When Mormon Loop tees into National Trail we turned right and continued up the hill.  The character of the climb on this section of National Trail is similar the Mormon Loop suffer fest.  Indeed, it seemed that climbing all of National Trail is neither unreasonable nor that much different than using Mormon Loop for a portion of the ascent.  Many riders climb all of National Trail, either for expediency or for the masochistic challenge.

Truth in advertising: Becky pushes her way up a portion of the Mormom Loop

We stopped climbing National Trail when we reached the base of the technical Waterfall section.  With more time we would have continued on to the top.  But we had little time.  The upper portion of the National Trail will have to wait for another venture.  All we could manage to do was to walk up and inspect the Waterfall drop.

The Waterfall is a linked series of rock drops that staircase down the side of a wash.  The first several sections looked approachable and rideable, particularly if you had the line figured out ahead of time.  For the last section of the Waterfall, we never did figure out a comfortable path down though it is clear many ride this big boulder and ledge drop.  We’d expect to walk the last bit the first time we attempt to ride the Waterfall.

OK, that’s enough of the theoretical mountain biking.  As much as we were jonesing to drop the fall, we would not try it on this day.  Instead, we turned the bikes around and started descending National Trail.  We had left a young dog with a chewing fetish back in the Airstream.  There’s no telling what would be left.  It was time to punch the return ticket and enjoy the gravity revenue stream that we purchased on the climb.

National Trail is a great descent.  Those annoying or fun (depending on whether you are trying to breath through your ear holes) step-ups turn into quick drops.  First time down, quickly finding a reasonable line and keeping momentum was a challenge.  But, for the most part, the drops are easily roll-able.  Overall the trail is technical; you spend plenty of time focusing on the cleanable path through step-downs.  And though it’s not a rail-fest, there is plenty of flow.  A skilled rider with knowledge of the lines would have little problem bombing the descent, including the Waterfall, in one continuous motion.  (Of course we really don’t know what evils lurk above the Waterfall, do we?)  Without doubt, National Trail is an A+ descent.  Hey, I’m sure the climb is that good too, at least if you don’t rely on the pretzels and beer training regiment.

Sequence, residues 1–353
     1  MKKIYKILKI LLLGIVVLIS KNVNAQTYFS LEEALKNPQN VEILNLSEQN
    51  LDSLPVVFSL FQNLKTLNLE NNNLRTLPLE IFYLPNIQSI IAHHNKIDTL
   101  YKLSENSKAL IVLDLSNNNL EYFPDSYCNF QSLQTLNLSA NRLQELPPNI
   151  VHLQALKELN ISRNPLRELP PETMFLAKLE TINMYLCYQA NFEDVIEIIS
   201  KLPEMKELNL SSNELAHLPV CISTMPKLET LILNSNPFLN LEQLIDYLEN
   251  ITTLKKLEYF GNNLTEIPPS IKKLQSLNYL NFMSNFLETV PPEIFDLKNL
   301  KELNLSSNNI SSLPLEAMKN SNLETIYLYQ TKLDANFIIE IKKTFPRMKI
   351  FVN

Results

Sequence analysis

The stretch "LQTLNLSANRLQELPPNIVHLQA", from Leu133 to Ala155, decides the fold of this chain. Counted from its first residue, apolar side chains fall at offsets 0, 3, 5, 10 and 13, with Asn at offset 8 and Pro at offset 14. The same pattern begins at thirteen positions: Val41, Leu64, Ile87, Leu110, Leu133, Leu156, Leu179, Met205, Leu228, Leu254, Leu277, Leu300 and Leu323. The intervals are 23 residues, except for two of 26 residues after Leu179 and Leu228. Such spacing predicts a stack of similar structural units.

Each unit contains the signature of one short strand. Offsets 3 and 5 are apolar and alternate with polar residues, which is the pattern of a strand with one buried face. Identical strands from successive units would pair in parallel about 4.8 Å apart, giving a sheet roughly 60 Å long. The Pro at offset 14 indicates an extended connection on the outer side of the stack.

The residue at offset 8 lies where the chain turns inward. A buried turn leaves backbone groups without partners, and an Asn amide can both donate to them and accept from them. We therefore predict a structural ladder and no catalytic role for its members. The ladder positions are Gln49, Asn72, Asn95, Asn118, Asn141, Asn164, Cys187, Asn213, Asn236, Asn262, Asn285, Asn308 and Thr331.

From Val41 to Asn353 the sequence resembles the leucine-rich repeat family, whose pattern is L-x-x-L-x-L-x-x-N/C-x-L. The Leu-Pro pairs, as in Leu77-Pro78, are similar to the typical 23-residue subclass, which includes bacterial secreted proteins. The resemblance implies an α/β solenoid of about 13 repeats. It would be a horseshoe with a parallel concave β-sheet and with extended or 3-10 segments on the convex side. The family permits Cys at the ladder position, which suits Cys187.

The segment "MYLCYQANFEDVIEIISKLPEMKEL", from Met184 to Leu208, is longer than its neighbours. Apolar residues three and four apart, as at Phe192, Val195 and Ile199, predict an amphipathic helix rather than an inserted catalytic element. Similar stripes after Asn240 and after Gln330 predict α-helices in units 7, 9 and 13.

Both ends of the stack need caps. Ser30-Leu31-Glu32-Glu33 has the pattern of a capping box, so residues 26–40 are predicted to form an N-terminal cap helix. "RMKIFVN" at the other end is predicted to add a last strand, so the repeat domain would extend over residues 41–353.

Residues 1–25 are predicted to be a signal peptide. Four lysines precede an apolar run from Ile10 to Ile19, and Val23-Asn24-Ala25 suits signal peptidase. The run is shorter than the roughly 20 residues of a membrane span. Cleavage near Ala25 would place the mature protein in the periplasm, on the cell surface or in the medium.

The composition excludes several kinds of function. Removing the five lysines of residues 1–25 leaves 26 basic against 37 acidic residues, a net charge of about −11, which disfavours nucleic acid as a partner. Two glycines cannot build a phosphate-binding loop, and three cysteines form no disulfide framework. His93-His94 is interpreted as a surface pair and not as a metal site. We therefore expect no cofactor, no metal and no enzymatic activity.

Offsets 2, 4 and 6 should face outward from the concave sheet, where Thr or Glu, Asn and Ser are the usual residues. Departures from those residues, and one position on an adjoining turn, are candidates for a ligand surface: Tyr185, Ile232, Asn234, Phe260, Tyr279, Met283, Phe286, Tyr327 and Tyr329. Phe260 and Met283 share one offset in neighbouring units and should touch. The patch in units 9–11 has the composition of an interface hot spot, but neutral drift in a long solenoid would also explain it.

It didn’t take us too much time to reach the trailer from the base of the Waterfall.  When we opened up the metal hatch, we woke a sleeping dog.  Seems there was no real concern about a wall of hound teeth mowing through the primary colors of the modern interior decor of our Airstream.  Yes, Gigi is a good dog.  And now she was a well-rested good dog.  We’d pay for her tank full of energy later.


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1 Comment »

  1. Glad you finally got to ride this. In the day, we used to loop back via Desert Classic, after National and other trails and sketchy descents. The easy Classic would just seem to go on forever, it would hammer us.

    Comment by surlypeach — April 8, 2011 @ 5:37 am